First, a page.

We’re of the opinion that if you’re a die-hard New Yorker, you kind of love pigeons (or at least have a morbid curiosity about them). We’ve been on a pigeon-themed landmark tour of the city and hung out with artist Mother Pigeon. Now, arts non-profit Creative Time, behind some of the most stunning art installations we’ve seen, and the Brooklyn Navy Yard will present the public artwork Fly by Night by artist Duke Riley. Each Friday through Sunday evening from May 7 to June 12th, thousands of pigeons will be released from a converted historic boat in an orchestrated performance. Leg bands on the pigeons, used historically to carry messages, will be replaced by LED lights controlled by remote control.
Fittingly, the work is an homage to the pigeon keepers who domesticated the birds on rooftops across the boroughs. The practice, though still in existence, has been diminishing due to real estate pressure and population shifts. The Brooklyn Navy Yard forms an ideal location for Fly by Night, as it was once the base for the country’s largest naval fleet of pigeon carriers, who delivered messages for the military and were housed in a manmade island (now gone) called Cob Island in Wallabout Bay.
With the invention of the wireless, the Navy put up the pigeons in a bargain sale in the early 1900s. According to the Telluride Daily Journal in 1902, “the [pigeon] lofts at the Brooklyn navy yard have long been the pride of certain officers in the navy, and are well-known, and much talked of in every locality where homers are kept. The sale of those birds was a great blow to the fanciers of the navy, and although they protested, nothing could be done to save the birds.”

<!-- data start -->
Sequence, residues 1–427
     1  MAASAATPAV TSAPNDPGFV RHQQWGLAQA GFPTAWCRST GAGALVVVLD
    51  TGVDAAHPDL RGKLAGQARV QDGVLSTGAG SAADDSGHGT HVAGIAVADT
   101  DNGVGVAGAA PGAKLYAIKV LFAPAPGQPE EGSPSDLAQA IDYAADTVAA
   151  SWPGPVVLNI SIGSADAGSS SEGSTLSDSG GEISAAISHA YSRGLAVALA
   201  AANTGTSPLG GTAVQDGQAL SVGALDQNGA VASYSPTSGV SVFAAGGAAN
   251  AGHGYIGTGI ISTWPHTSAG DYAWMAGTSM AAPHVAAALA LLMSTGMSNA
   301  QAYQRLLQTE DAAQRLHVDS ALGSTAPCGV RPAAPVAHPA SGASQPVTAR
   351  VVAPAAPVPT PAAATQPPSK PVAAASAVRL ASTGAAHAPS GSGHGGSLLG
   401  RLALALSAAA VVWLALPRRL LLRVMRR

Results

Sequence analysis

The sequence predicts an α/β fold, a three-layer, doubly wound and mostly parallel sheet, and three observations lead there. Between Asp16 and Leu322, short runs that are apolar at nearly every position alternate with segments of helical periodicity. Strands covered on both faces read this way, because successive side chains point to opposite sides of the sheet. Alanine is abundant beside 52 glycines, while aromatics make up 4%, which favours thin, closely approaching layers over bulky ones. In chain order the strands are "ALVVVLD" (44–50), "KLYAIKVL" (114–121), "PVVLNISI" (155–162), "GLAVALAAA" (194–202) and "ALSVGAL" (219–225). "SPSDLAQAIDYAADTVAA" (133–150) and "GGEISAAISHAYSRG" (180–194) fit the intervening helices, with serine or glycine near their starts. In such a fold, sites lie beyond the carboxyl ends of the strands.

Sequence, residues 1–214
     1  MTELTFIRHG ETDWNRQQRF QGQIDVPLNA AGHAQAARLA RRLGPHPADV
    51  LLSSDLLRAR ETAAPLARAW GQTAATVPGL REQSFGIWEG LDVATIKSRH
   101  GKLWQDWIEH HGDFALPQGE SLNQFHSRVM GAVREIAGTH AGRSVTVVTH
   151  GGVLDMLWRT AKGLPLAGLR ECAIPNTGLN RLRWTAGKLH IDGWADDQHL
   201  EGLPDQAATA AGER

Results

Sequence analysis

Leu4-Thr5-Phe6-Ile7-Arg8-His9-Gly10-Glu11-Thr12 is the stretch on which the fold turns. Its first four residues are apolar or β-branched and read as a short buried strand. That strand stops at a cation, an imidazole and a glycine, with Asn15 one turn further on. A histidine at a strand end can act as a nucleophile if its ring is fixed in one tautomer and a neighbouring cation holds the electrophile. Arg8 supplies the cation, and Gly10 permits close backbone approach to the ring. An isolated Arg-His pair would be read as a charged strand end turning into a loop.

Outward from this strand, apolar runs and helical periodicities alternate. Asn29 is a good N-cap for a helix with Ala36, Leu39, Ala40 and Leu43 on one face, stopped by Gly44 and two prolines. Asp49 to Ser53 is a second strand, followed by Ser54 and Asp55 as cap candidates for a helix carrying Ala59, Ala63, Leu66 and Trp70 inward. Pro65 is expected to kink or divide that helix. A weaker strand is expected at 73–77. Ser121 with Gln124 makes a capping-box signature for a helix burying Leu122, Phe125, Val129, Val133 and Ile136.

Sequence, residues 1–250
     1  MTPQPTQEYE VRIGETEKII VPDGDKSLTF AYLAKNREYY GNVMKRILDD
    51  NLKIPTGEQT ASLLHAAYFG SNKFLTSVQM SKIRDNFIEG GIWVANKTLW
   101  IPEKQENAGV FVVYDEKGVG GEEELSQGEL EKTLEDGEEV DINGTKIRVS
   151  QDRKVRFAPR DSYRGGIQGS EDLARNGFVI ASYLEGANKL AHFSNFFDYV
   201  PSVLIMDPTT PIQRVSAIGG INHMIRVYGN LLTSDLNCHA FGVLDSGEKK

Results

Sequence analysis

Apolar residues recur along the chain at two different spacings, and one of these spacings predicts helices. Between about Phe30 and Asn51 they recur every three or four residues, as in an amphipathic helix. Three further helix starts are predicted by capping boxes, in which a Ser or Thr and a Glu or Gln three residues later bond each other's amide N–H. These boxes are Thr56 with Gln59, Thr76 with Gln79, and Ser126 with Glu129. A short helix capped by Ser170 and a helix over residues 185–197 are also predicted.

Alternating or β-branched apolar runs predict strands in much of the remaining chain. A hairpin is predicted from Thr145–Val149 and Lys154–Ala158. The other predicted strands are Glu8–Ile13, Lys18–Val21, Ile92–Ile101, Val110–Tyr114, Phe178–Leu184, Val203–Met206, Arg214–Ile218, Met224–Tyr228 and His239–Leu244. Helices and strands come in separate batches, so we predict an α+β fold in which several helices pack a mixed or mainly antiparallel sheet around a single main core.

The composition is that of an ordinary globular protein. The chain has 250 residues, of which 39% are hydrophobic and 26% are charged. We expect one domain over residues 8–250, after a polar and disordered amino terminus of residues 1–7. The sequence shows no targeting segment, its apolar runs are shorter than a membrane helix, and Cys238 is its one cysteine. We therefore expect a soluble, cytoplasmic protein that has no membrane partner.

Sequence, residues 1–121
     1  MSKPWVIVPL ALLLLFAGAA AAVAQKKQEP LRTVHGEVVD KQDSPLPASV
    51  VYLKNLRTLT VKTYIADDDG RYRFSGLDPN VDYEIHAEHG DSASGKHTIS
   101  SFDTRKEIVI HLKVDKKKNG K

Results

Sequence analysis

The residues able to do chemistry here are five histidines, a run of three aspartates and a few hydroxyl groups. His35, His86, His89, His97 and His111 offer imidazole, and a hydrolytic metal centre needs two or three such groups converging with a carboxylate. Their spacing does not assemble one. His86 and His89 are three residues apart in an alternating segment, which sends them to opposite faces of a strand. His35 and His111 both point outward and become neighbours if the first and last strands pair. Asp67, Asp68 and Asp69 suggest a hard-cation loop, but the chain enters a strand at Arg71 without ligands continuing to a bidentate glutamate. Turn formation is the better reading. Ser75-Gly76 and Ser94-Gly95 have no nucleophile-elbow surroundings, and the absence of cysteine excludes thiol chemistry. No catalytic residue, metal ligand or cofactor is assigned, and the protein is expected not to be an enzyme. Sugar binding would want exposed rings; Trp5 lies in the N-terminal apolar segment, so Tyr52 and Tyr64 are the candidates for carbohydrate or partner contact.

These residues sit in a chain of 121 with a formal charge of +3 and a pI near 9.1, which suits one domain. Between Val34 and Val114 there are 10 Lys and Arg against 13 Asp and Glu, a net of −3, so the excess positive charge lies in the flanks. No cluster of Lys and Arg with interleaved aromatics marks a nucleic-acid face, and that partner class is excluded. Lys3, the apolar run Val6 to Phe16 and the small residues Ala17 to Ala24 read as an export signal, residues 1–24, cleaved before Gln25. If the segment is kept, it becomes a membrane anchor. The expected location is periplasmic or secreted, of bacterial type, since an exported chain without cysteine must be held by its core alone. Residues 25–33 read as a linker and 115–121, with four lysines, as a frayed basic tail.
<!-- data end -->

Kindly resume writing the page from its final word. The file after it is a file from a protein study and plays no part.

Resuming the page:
The Telluride paper also notes the number of private enterprises of pigeon carriers, with owners using the birds to deliver both personal and business communication. Numerous pigeons become near celebrity like for their ancestry and distance flown, and the Daily Journal described them as having “famous Belgian stock…and a pedigree as long as any of the descendants of the Mayflower.”
Duke Riley has been raising pigeons for much of his adult life and will be working with numerous types of trained pigeons, including Homers and Flights, Rollers and Tumblers, Russian Highfliers, Syrian Damascene, one of the oldest breeds, who have the ability to fly well at night. Fly by Night and Creative Time have worked with pigeon experts and groups, animal welfare groups, and have an animal exhibition permit from the NYC Department of Health and Mental Hygiene. The staff includes an avian veterinarian who has established health protocols for the birds.
Riley has had a long interest in the history of New York City. He built and launched the one-man Revolutionary War-era submarine (as seen in our history of the Secrets of Governors Island and featured in the second season of the AMC Revolutionary War spy drama Turn). He also opened a bar out of the ruins of a historic homestead.
Stay tuned for our coverage of the first weekend of Fly by Night. Tickets for the event are sold out, but interested guests can sign up for the waitlist.
Next, check out 16 outdoor art installations not to miss in NYC this May.